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The term ‘multiliteracies’ was coined by the New London Group in 1996 to describe the emergence of new literacies and changing forms of meaning making in contemporary contexts of increased cultural and linguistic diversity. The proliferation of powerful, multimodal literacies means that previous conceptions of literacy as ‘writing and speech’ are collapsing. Educators and researchers worldwide are rethinking literacy pedagogy to enable students to participate fully in our dynamic, technological and culturally diverse societies. This paper interrogates competing discourses that have arisen in academic literature during the decade since multiliteracies originated. This scholarly debate is timely because multiliteracies are receiving increasing international interest in literacy research, pedagogy and educational policy.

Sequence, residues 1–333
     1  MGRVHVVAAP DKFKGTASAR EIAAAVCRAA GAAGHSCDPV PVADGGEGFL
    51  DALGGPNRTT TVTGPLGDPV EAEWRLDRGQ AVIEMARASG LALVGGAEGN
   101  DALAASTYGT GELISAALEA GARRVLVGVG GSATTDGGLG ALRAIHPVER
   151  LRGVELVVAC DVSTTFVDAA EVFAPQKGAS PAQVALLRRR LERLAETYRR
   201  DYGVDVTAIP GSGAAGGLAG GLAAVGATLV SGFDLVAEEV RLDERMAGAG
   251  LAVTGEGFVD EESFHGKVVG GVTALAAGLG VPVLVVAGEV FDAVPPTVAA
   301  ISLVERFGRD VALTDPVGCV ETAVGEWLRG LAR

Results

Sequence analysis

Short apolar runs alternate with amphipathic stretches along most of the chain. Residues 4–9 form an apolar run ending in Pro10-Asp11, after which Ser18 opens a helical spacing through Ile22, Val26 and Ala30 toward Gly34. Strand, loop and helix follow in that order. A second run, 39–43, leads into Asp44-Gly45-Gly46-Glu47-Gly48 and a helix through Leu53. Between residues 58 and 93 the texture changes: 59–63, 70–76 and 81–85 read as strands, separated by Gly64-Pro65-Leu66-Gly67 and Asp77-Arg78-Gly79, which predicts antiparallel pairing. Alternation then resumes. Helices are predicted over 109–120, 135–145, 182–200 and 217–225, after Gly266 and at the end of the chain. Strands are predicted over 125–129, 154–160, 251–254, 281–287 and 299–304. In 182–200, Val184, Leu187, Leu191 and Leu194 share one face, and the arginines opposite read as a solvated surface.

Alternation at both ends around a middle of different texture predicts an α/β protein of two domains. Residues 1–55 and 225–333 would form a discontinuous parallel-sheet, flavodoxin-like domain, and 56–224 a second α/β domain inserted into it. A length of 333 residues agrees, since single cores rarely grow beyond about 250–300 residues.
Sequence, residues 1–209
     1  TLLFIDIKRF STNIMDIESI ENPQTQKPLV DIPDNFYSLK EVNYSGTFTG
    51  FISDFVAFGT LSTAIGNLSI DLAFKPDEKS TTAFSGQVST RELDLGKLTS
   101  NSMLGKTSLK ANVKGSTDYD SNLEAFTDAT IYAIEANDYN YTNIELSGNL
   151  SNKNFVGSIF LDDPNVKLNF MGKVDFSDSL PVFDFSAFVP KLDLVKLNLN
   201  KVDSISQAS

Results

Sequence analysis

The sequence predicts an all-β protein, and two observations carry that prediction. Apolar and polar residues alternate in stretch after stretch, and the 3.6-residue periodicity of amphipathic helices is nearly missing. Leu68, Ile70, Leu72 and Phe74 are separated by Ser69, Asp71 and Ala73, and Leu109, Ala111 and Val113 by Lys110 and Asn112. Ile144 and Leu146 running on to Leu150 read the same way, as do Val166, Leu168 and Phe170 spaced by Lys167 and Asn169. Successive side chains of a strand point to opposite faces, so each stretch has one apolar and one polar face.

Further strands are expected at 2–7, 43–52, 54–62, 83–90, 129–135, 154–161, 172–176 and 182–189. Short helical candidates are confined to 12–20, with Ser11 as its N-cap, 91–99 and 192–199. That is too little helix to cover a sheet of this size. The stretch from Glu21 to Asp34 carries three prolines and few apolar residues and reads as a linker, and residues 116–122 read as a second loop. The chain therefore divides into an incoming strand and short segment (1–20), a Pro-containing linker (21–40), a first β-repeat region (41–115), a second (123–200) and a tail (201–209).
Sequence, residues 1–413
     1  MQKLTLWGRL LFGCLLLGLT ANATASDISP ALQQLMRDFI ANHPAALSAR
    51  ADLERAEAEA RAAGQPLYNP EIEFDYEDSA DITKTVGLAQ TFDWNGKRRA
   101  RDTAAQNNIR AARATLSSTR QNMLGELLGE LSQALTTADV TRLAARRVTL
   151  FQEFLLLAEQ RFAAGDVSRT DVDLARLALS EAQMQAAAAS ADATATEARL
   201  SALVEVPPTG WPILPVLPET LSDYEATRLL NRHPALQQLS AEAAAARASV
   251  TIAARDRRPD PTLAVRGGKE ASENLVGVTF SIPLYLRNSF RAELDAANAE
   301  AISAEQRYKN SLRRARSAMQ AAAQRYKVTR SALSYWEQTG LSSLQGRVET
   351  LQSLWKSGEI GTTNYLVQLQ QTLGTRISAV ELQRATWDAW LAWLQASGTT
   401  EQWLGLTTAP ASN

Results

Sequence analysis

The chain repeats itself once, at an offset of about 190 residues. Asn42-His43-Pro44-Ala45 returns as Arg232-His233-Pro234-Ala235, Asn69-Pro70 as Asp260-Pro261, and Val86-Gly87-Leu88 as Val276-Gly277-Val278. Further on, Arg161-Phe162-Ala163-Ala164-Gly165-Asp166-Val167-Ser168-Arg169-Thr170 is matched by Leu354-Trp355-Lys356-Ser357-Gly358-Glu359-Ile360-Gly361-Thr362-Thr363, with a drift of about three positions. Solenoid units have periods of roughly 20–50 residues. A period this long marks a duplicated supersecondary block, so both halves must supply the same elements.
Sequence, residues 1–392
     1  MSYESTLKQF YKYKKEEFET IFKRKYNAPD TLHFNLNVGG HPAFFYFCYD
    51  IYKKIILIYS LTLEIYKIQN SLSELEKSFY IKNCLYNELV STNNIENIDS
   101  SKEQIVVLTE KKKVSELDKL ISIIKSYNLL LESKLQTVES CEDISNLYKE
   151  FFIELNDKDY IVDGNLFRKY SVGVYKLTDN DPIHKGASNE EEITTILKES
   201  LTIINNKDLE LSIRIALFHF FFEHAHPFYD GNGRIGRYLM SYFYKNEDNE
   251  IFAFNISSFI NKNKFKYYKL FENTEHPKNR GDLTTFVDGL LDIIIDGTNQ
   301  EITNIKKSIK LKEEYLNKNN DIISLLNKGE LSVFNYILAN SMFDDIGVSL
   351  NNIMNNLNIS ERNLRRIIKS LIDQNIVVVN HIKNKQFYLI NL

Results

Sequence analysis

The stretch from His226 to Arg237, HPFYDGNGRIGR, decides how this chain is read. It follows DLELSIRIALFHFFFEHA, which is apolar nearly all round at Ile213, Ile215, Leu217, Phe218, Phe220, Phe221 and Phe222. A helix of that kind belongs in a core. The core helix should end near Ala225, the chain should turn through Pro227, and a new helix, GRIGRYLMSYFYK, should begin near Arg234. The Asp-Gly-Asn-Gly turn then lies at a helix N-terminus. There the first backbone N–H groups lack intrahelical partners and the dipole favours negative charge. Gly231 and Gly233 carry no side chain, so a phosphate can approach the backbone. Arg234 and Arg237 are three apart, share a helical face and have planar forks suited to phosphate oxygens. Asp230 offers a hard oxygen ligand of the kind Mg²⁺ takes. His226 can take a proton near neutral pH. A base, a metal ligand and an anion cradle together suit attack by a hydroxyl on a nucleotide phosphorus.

Institute for Learning Sciences and Teacher Education

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Open Access Journal Article

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Open Access